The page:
Matthew 22:1-14

Once more Jesus spoke to them in parables, saying: “The kingdom of heaven may be compared to a king who gave a wedding banquet for his son. He sent his slaves to call those who had been invited to the wedding banquet, but they would not come.

Again he sent other slaves, saying, ‘Tell those who have been invited: Look, I have prepared my dinner, my oxen and my fat calves have been slaughtered, and everything is ready; come to the wedding banquet.’ But they made light of it and went away, one to his farm, another to his business, while the rest seized his slaves, mistreated them, and killed them. The king was enraged. He sent his troops, destroyed those murderers, and burned their city.

Then he said to his slaves, ‘The wedding is ready, but those invited were not worthy. Go therefore into the main streets, and invite everyone you find to the wedding banquet.’ Those slaves went out into the streets and gathered all whom they found, both good and bad; so the wedding hall was filled with guests.

“But when the king came in to see the guests, he noticed a man there who was not wearing a wedding robe, and he said to him, ‘Friend, how did you get in here without a wedding robe?’ And he was speechless. Then the king said to the attendants, ‘Bind him hand and foot, and throw him into the outer darkness, where there will be weeping and gnashing of teeth.’ For many are called, but few are chosen.” Matthew 22:1-14

Whenever I read the words “kingdom of heaven” or “kingdom of God” or “reign of God” I always and immediately do a quick translation in my mind – a kingdom is a relationship. Thus each of these phrases paint a picture of what it means to live in relationship with God. A kingdom, first and foremost, is a relationship. None of the rest of what we associate with the word “kingdom” (thrones, crowns, castles, armies, lands) matters. Those are trivial compared to the heart of the matter – the king is the king and the subjects are the subjects. So we start there.

Then I want to notice a little difference between this parable of the kingdom and the one we saw in Matthew 20. There it began with the words, “the kingdom of heaven is like” but this parable begins “the kingdom of heaven may be compared to.” To me, that changes how we hear it.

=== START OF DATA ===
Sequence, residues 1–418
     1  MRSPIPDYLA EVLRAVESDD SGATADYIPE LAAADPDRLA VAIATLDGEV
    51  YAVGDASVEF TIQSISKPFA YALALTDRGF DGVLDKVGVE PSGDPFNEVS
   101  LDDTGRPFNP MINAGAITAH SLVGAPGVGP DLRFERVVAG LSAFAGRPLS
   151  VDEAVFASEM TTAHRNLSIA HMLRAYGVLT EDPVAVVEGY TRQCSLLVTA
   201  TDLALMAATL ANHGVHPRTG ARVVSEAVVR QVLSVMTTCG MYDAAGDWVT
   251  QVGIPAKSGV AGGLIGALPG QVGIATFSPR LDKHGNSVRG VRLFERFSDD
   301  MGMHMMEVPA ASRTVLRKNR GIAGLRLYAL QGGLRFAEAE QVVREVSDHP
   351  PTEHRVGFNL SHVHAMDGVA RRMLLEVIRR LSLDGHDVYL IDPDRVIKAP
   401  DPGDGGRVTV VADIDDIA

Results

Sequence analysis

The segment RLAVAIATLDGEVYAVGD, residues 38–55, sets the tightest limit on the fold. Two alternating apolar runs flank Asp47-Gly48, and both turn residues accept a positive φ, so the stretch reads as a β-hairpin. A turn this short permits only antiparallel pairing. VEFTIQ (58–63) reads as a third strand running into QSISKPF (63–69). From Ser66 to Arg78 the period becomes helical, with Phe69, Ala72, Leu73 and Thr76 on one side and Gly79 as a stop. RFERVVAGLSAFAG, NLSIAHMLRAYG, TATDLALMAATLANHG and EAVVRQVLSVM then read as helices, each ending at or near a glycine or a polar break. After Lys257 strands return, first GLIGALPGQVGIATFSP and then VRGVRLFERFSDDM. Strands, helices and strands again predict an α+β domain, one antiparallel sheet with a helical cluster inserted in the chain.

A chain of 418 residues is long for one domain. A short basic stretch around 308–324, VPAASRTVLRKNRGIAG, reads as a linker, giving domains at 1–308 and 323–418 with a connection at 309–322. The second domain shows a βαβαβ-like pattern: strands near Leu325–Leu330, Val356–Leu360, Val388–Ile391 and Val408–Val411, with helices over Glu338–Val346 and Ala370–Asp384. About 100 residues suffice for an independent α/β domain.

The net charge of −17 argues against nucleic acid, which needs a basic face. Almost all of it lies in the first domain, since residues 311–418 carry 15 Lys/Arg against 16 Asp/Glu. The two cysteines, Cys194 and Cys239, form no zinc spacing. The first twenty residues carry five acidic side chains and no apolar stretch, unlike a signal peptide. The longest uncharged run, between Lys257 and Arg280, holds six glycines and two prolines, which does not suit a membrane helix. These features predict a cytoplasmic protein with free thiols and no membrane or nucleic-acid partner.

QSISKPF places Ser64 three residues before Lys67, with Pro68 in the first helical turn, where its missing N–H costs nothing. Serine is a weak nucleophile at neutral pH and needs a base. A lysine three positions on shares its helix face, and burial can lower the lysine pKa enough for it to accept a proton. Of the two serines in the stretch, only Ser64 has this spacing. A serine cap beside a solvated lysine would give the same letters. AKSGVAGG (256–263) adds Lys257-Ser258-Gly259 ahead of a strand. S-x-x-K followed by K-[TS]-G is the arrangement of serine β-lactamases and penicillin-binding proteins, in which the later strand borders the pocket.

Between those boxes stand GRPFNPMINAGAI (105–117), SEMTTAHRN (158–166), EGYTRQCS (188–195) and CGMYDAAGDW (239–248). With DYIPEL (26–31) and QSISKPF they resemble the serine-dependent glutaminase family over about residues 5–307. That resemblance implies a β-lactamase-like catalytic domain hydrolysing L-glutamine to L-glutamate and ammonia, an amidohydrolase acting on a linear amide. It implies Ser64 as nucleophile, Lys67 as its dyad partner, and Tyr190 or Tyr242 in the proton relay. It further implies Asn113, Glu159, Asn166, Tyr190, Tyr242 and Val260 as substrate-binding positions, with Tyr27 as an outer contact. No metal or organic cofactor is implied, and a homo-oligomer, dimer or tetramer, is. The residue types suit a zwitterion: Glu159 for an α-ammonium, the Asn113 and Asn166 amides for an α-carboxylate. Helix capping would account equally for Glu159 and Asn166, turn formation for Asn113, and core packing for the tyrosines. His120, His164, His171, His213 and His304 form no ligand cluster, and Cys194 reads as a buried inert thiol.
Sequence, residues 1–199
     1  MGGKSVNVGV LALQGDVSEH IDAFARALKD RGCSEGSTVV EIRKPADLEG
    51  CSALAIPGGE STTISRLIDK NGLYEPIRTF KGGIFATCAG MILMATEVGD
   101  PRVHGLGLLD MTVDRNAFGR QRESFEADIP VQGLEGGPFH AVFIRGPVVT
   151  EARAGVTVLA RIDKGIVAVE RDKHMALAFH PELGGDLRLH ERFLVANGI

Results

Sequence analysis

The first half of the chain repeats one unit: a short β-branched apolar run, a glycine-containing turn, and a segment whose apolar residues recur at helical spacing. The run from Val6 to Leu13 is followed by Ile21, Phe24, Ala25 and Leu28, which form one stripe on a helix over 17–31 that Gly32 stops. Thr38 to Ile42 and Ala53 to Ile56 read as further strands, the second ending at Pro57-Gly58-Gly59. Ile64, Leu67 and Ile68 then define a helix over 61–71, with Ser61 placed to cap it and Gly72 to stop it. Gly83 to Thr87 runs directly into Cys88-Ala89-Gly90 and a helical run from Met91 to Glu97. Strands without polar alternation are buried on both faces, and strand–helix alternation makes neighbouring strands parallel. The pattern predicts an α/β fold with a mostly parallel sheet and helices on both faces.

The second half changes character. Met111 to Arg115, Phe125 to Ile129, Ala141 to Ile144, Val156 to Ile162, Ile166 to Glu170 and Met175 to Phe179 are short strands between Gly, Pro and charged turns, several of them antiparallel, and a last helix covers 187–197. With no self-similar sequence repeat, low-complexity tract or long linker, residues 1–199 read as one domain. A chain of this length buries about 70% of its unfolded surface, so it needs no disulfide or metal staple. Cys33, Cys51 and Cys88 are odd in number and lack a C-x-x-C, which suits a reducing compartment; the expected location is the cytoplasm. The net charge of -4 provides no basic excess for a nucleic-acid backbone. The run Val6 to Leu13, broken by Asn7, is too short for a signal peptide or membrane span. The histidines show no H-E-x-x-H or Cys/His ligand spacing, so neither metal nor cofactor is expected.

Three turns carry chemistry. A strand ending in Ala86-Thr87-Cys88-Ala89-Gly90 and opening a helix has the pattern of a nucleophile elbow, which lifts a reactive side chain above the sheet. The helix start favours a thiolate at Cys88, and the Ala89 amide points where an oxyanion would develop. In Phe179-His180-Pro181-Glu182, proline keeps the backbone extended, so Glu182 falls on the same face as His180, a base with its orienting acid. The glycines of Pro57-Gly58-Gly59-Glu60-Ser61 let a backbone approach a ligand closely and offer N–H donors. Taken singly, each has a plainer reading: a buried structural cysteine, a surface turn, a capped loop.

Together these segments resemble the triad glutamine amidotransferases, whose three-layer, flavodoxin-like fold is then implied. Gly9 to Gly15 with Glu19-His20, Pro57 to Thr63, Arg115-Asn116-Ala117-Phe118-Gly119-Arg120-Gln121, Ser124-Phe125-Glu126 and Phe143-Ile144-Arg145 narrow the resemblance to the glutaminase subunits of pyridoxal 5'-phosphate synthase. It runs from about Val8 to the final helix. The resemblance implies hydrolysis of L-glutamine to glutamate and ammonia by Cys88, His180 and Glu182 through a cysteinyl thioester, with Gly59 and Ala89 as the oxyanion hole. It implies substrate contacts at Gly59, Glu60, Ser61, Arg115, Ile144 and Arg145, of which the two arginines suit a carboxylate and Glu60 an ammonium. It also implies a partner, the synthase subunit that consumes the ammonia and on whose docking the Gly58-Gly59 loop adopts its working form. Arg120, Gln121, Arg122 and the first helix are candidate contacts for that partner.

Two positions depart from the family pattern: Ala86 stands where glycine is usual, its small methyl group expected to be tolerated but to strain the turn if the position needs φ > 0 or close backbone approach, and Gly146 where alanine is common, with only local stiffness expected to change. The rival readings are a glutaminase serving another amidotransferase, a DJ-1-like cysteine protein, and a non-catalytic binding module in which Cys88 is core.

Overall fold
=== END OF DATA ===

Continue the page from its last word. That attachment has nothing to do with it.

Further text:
The story begins with the king’s plan for a wedding banquet. His invited guests ignore the invitation or worse, mistreat the slaves who bring word from the king. Their disrespectful attitude and actions toward the king results in their deaths and their cities being destroyed. This is a king who takes party planning seriously. For a long time, people thought this was the way God acted toward the people of Israel who rejected the prophets and did their own thing.

The king doesn’t want his food to go to waste so he changes his own expectations. He sends his troops to gather anybody within range, regardless of their “worthiness” and invite them to come to the banquet. The hall is quickly filled to bursting with hungry party goers. Now this seems to be a different picture of how God connects with people.

But then the king notices someone who is inappropriately dressed. He treats him harshly and kicks him out. Now there is a surprise, no wonder the guest is speechless. How was he supposed to know? All he knew is that he was invited to attend and he willingly showed up. What is wrong with this king? How could you possibly trust a king like this one, a king who changes on a dime and treats his subjects so cruelly? This king sounds much more like the earthly tyrants that the readers of Matthew knew all too well.

How different this king was than the loving, healing God people could see modeled in Jesus! When I compare this king to the kingdom of heaven I’ll take the kingdom of heaven every time.

Let us pray: Gracious Lord, unlike the capricious, power hungry, entitled earthly kings who abused their positions and used people like pawns, your reign is one of peace. Of love. Of justice. Of inclusion and community rather than exclusion and caste. May we meet you as you are, just as you meet us as we are. In Jesus’ name. Amen.


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